He acknowledges that there are concerns about throwing lump sums at big firms to convince them to locate in the province, but thinks it is too early to make any judgments. "My hope is that [the industry]will kind of feed on itself," he said. "You'll get more experienced people moving to Toronto and other big firms will relocate."
That could cause problems for other provinces. Catherine Winder, president of Rainmaker Entertainment Inc., an animation studio in Vancouver, worries about a shortage of talent. "It's not that huge a pool yet," she said. But she hopes that in the long run a strong national presence, boosted by new Vancouver studios for Pixar, Sony ImageWorks and Digital Domain, will help lure international personnel.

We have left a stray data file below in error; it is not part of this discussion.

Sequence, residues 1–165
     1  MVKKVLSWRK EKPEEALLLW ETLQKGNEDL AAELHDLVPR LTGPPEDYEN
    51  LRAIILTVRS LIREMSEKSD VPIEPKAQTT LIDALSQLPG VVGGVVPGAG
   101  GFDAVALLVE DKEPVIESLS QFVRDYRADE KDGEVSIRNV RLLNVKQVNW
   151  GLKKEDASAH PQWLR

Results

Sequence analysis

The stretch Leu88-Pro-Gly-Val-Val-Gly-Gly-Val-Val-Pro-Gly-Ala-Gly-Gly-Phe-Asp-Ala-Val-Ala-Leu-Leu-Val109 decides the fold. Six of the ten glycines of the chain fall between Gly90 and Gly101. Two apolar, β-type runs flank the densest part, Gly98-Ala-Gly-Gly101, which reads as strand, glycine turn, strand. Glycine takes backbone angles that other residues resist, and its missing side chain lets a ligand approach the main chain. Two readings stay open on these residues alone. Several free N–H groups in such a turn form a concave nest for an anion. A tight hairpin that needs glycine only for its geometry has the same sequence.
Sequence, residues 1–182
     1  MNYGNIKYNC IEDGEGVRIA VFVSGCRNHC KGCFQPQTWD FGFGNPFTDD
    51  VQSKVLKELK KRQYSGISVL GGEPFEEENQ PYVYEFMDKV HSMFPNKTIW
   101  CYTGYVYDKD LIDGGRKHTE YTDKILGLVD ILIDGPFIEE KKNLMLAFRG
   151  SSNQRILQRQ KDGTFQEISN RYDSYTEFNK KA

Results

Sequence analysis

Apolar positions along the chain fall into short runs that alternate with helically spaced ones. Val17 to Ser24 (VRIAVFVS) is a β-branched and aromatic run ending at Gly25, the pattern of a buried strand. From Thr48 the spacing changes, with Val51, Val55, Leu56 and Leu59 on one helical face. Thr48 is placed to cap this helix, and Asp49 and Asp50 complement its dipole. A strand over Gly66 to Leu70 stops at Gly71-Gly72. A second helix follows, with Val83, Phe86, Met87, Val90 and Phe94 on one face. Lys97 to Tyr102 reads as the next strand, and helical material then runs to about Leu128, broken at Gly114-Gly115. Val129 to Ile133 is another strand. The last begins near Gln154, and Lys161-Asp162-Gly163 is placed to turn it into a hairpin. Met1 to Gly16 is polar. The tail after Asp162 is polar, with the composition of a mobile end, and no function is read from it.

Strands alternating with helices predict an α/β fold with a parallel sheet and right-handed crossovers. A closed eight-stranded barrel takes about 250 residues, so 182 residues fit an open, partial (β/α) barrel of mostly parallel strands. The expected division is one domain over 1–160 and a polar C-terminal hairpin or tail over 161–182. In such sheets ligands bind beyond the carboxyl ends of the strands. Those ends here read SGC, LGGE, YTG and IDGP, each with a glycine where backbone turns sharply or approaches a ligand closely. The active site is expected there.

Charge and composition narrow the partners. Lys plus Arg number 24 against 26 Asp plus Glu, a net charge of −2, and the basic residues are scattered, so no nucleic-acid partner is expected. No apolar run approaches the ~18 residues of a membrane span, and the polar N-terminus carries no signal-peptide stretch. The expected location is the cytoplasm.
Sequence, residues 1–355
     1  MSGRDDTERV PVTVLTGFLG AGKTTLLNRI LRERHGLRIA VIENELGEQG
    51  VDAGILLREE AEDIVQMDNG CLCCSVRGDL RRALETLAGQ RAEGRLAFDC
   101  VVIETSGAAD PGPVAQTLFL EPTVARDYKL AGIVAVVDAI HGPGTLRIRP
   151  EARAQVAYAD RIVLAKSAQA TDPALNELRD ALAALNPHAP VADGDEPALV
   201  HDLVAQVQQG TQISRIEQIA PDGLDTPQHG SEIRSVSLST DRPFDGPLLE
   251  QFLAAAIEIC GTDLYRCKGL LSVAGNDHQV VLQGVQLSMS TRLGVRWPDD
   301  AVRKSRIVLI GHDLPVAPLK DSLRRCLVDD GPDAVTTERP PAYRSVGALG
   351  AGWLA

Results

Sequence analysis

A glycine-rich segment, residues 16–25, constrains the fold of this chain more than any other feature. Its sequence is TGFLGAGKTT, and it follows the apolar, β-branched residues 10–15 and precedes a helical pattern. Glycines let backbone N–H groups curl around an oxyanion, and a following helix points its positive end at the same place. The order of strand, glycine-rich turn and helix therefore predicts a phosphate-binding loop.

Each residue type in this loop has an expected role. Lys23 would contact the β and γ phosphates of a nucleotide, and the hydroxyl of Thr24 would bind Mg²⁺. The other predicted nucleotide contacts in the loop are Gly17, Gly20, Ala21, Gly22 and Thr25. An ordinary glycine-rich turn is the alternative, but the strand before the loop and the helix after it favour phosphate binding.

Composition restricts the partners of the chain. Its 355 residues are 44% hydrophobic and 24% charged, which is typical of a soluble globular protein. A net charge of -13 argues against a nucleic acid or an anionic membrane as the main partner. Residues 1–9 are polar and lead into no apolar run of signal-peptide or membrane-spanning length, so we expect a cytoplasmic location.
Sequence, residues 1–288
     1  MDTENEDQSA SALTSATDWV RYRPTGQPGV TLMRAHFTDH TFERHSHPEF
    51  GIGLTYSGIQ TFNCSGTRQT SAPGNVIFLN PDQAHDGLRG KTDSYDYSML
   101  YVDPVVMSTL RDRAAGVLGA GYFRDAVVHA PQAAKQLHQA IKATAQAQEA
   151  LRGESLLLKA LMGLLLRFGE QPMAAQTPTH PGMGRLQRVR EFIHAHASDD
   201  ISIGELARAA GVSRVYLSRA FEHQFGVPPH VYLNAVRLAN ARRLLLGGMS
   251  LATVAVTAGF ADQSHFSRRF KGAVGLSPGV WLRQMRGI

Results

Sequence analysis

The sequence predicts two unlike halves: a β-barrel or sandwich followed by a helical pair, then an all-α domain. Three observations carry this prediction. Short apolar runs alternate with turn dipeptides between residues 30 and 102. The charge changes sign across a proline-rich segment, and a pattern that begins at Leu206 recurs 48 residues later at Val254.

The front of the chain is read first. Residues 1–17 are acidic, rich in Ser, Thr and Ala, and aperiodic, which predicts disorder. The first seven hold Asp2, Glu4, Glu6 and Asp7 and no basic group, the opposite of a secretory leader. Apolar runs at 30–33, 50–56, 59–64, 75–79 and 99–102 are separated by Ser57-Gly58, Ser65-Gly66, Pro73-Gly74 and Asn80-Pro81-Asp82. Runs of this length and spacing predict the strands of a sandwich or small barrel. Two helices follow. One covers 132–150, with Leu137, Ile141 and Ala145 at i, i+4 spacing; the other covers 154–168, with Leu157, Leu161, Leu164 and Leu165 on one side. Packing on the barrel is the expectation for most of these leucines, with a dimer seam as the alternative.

Given Canada's intense internal competition, Ontario representatives have been on the promotional circuit, attending conferences in Germany and San Francisco in a bid to attract digital games developers and animation studios to the province.
Their biggest selling point is Ontario's home-grown talent. "The educational infrastructure has been extremely well developed, " said Gerald Pisarzowski, a vice-president with the Greater Toronto Marketing Alliance. Because Toronto has so many animation programs at schools such as Sheridan College, Humber College, Seneca College and the privately owned Academy of Design, "we've been a net exporter of talent, particularly into the U.S," he said.
Ontario's downside? Costs, even after the tax breaks are factored in. The federal government's report found Toronto has the highest operating costs in Canada, even higher than some U.S. cities such as Austin, Tex.